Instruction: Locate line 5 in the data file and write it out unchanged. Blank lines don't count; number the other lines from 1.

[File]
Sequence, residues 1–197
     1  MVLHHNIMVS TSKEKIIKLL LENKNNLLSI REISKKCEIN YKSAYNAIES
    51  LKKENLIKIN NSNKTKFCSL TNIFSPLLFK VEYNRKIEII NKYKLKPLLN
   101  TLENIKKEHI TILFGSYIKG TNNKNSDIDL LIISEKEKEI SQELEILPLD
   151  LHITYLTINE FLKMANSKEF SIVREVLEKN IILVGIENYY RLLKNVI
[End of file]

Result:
   151  LHITYLTINE FLKMANSKEF SIVREVLEKN IILVGIENYY RLLKNVI